The agreement to reschedule Greek debt has been in the news recently. Frequently it is pointed out that Greek debt has not been forgiven, but “merely” rescheduled. While economists and some journalists argue that this distinction is not really important in an economic sense, I am not sure that this is widely understood. It may therefore be helpful to present a few back-of-the-envelope calculations that show the power of rescheduling debt servicing, which essentially means pushing payments into the future. It brings into play what can be called the “power of exponential growth”, which is like the inverse of the “power of compound interest” that can make debt burdens snowball.
I am going to take two time periods, based on an assessment that the recent Greek debt deal extends “the average loan maturity to over 40 years from 32.5 years currently”. To keep things simple we’ll use 32 and 40 years.
The ECB has an inflation target of just under 2% a year. While it is true that it still struggles to hit its target in the wake of the crisis, looking forward over longer timescales it seems sensible to use that figure as a benchmark. After 32 years, an inflation rate of 2% a year has pushed the price level up by almost 90%, and after forty years it has significantly more than doubled (220%). The inflation effect alone means that the real value of the debt to be repaid is only a little over half (53%) after 32 years. The recent agreement to extend average maturities reduces that further, to around 45%.
Of course, the effective burden of debt repayment depends on the size of the economy. Let us assume that, having emerged from crisis, Greece can manage 2% real growth per year. This is not a prediction, but purely for the sake of argument and illustration. The assumed nominal rate of growth is then 4%. Even without overt debt forgiveness the debt “burden”, in terms of the effective capacity to repay, falls to 28% of the original after 32 years, and to just one fifth after 40 years.
Greece’s current debt-to-GDP ratio is currently of the order of 180%, which is widely perceived as crushing. However, Martin Sandbu is correct to call this “now a virtually useless number”. Applying the same nominal growth rate as above, when the debt has to be repaid (on average) the ratio of the existing debt to annual GDP will be only just over half (32 years) and slightly more than a third (37%) after 40 years.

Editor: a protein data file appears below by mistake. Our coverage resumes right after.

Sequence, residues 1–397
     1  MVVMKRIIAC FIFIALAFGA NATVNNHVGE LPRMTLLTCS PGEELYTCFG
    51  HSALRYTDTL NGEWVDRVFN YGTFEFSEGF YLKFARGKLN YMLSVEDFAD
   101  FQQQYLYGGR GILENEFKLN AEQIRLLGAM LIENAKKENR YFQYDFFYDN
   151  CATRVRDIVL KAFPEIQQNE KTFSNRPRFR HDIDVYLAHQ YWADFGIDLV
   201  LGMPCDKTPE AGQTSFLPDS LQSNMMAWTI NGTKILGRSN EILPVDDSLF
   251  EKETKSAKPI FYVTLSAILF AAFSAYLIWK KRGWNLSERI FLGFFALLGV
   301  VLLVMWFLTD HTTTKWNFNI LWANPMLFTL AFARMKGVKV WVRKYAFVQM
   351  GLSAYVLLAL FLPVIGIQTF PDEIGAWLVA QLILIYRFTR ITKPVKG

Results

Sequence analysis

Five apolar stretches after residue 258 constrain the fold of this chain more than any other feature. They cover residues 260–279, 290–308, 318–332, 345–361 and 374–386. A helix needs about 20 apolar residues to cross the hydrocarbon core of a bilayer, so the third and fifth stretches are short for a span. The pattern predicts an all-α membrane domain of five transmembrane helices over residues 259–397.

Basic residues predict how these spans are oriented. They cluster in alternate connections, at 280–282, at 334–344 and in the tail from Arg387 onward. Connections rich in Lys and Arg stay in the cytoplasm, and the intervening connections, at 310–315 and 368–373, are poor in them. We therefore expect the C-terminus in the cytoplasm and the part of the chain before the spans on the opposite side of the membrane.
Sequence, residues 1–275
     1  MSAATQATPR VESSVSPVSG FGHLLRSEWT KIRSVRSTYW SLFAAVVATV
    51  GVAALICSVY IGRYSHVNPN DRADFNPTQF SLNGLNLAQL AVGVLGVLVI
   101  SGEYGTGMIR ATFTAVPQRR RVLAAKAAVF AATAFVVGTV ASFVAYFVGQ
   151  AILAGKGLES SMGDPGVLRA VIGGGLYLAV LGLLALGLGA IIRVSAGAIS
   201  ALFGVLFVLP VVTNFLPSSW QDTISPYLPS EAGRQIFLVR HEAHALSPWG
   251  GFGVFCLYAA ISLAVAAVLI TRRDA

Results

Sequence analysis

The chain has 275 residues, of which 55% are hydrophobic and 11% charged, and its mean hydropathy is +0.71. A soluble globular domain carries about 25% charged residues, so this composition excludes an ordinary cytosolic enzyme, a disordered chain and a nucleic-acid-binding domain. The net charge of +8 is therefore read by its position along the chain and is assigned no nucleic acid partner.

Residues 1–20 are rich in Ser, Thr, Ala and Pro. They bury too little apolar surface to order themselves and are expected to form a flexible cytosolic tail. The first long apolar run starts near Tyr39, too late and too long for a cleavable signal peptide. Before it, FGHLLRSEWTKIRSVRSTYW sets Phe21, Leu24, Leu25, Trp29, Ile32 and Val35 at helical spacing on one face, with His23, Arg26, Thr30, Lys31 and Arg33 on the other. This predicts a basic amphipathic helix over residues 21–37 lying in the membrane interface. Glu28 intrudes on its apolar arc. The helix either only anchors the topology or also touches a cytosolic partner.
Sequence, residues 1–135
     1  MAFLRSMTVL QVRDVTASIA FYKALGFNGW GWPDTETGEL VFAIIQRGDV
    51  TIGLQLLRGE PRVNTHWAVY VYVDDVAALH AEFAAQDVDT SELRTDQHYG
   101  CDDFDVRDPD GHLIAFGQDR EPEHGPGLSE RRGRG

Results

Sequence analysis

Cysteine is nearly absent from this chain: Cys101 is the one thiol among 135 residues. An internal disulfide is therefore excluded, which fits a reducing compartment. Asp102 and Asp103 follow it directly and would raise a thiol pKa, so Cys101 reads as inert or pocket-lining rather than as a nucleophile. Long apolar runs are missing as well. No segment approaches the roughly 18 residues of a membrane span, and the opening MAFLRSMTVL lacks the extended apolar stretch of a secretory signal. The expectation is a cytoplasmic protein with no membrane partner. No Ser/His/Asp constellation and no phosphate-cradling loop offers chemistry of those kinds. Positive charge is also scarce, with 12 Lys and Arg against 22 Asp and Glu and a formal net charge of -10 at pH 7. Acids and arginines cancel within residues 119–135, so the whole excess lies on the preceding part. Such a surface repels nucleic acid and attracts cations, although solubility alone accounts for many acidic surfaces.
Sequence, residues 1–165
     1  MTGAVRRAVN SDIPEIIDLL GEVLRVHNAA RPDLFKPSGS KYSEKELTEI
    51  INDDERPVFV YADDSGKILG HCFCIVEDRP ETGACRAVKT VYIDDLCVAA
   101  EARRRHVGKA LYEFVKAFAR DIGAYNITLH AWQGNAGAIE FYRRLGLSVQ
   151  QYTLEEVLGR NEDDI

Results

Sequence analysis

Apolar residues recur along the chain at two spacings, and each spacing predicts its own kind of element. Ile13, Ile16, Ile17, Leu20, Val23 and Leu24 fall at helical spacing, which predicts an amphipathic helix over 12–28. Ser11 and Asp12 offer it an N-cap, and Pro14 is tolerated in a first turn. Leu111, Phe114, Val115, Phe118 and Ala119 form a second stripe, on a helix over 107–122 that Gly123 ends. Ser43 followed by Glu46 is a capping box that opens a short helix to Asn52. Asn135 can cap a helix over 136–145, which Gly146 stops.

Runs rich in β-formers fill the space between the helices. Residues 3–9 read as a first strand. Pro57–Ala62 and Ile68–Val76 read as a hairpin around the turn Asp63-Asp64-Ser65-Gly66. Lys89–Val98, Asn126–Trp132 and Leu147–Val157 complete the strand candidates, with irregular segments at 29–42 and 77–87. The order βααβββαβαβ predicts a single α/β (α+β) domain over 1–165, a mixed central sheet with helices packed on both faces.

All this does not mean that the agreement reached can be considered optimal, much less that the support provided to Greece since 2011 could not have been organised in a much less costly way. Maintaining primary surpluses over extended periods of time, as the deal requires, is not easy, implying a need for equally persistent current account surpluses. Still, critics need to recognise the simple fact that lending money now while pushing back interest and principal repayments far in the future, when the value of the currency is deflated, and the real capacity to pay substantially higher, is a genuine form of solidarity. The recent maturity extension – and that is only one of a series of measures – uses the “power of exponential growth” to good and economically very substantial effect.
 Of course the stand-off of 2015 – irrespective of how one apportions the blame for it – was hugely costly. It substantially worsened debt dynamics. An analysis of the situation at the end of 2014, when Greece appeared to be emerging from crisis, showed that debt could be made sustainable even without huge primary surpluses provided interest payments were kept down, the economy was given space to grow and inflation returned to normal rates.
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